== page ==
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This text examines the relationship between the idea of legitimacy of law in a democratic system and equality. It seeks to demonstrate how a conception of democratic legitimacy is necessary for understanding and reconciling equality and political legitimacy.
Based on interviews with thousands of citizens and political decisions makers, the book focuses on modern Canadian politics, investigating why a country so fortunate in its history and circumstances is on the brink of dissolution.
Derived from Thomas Nagel's Locke Lectures, Equality and Partiality proposes a nonutopian account of political legitimacy, based on the need to accommodate both personal and impersonal motives in any credible moral theory, and therefore in any political theory with a moral foundation. Within each individual, Nagel believes, there is a division between two standpoints, the personal and the impersonal. Without the impersonal standpoint, there would be no morality, only the clash, compromise, and occasional convergence of individual perspectives. It is because a human being does not occupy only his own point of view that each of us is susceptible to the claims of others through private and public morality. Political systems, to be legitimate, must achieve an integration of these two standpoints within the individual. These ideas are applied to specific problems such as social and economic inequality, toleration, international justice, and the public support of culture. Nagel points to the problem of balancing equality and partiality as the most important issue with which political theorists are now faced.
This analysis of the concept of authority in Western society constitutes a central work in political sociology and a fundamental critique of the process of modernization. Schaar proposes that legitimate authority is declining in the modern state. Law and order, in a very real sense, is the basic political issue of our time -- one that conservatives have understood with greater clarity than their liberal adversaries. Schaar sees what were once authoritative institutions and ideas yielding to technological and bureaucratic orders. The later brings physical comfort and a sense of collective power, but does not provide political liberty or moral autonomy. As a result, he argues, all modern states exhibiting this transformation of authority into technology are well advanced along the path of a crisis of legitimacy.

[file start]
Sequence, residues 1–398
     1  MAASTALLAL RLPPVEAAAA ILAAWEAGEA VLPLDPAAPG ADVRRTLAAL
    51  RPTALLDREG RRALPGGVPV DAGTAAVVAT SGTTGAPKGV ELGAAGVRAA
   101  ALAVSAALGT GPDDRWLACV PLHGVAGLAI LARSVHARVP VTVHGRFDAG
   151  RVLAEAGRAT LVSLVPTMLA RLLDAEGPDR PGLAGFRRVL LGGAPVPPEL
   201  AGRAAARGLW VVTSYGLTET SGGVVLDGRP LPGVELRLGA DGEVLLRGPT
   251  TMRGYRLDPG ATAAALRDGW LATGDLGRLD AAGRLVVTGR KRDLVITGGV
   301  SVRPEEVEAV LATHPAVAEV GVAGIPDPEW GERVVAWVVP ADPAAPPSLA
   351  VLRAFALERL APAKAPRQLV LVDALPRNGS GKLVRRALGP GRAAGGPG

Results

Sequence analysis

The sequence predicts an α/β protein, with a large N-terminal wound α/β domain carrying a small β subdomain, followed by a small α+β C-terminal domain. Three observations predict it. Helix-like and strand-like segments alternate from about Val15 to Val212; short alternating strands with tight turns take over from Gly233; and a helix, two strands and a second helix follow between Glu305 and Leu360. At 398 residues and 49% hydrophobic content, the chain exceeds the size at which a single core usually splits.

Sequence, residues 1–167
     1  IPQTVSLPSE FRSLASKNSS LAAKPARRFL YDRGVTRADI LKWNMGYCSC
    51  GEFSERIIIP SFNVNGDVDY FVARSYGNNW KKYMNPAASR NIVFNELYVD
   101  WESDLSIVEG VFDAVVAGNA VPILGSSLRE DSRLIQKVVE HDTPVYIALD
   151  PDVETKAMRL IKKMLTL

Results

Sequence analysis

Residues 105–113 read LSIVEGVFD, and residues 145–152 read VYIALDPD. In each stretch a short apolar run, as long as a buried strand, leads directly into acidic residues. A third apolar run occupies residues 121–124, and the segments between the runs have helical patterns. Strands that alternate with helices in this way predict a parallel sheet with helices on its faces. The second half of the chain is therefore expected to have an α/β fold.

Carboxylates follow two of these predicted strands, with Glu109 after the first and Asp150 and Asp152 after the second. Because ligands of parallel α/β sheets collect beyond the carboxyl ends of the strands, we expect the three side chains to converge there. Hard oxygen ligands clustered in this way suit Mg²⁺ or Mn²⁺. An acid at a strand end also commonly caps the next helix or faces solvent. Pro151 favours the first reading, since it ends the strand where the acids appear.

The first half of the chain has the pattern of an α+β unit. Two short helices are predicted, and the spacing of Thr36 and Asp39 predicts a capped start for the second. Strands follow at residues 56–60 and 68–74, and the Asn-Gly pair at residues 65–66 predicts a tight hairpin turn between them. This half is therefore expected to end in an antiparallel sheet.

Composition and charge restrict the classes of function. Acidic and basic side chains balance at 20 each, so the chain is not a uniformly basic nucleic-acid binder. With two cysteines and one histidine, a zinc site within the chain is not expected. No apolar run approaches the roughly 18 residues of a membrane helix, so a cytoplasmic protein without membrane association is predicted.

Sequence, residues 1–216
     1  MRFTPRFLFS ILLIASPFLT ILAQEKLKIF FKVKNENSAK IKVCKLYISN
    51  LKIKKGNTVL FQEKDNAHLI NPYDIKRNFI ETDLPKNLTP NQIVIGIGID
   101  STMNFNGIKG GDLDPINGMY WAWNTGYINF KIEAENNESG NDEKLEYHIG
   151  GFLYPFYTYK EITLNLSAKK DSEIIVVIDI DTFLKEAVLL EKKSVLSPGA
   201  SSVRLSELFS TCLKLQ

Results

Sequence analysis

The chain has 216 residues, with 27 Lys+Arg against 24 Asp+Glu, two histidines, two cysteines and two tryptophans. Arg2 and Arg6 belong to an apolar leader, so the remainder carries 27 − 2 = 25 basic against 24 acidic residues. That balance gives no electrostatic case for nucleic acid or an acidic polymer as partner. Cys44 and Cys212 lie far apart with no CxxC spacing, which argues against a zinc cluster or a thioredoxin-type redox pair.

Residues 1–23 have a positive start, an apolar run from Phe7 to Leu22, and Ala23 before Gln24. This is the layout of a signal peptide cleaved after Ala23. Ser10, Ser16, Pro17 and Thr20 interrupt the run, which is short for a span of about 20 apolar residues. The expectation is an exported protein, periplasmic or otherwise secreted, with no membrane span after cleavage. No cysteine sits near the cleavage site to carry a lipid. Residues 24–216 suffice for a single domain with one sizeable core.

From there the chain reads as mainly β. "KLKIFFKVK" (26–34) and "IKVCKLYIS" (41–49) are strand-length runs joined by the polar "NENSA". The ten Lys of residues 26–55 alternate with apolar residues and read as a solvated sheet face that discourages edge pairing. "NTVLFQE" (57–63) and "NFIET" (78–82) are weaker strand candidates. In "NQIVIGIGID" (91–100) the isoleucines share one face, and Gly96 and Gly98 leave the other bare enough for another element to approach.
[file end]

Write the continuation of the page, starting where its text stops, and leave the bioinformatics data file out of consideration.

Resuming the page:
The thirteen essays by Allen Buchanan collected here are arranged in such a way as to make evident their thematic interconnections: the important and hitherto unappreciated relationships among the nature and grounding of human rights, the legitimacy of international institutions, and the justification for using military force across borders. Each of these three topics has spawned a significant literature, but unfortunately has been treated in isolation. In this volume Buchanan makes the case for a holistic, systematic approach, and in so doing constitutes a major contribution at the intersection of International Political Philosophy and International Legal Theory. A major theme of Buchanan's book is the need to combine the philosopher's normative analysis with the political scientist's focus on institutions. Instead of thinking first about norms and then about institutions, if at all, only as mechanisms for implementing norms, it is necessary to consider alternative "packages" consisting of norms and institutions. Whether a particular norm is acceptable can depend upon the institutional context in which it is supposed to be instantiated, and whether a particular institutional arrangement is acceptable can depend on whether it realizes norms of legitimacy or of justice, or at least has a tendency to foster the conditions under which such norms can be realized. In order to evaluate institutions it is necessary not only to consider how well they implement norms that are now considered valid but also their capacity for fostering the epistemic conditions under which norms can be contested, revised, and improved.
This book offers a systematic treatment of the requirements of democratic legitimacy. It argues that democratic procedures are essential for political legitimacy because of the need to respect value pluralism and because of the learning process that democratic decision-making enables. It proposes a framework for distinguishing among the different ways in which the requirements of democratic legitimacy have been interpreted. Peter then uses this framework to identify and defend what appears as the most plausible conception of democratic legitimacy. According to this conception, democratic legitimacy requires that the decision-making process satisfies certain conditions of political and epistemic fairness.
Democracy is increasingly seen as the only legitimate form of government, but few people would regard international relations as governed according to democratic principles. Can this lack of global democracy be justified? Which models of global politics should contemporary democrats endorse and which should they reject? What are the most promising pathways to global democratic change? To what extent does the extension of democracy from the national to the international level require a radical rethinking of what democratic institutions should be? This book answers these questions by providing a sustained dialogue between scholars of political theory, international law and empirical social science. By presenting a broad range of views by prominent scholars, it offers an in-depth analysis of one of the key challenges of our century: globalizing democracy and democratizing globalization.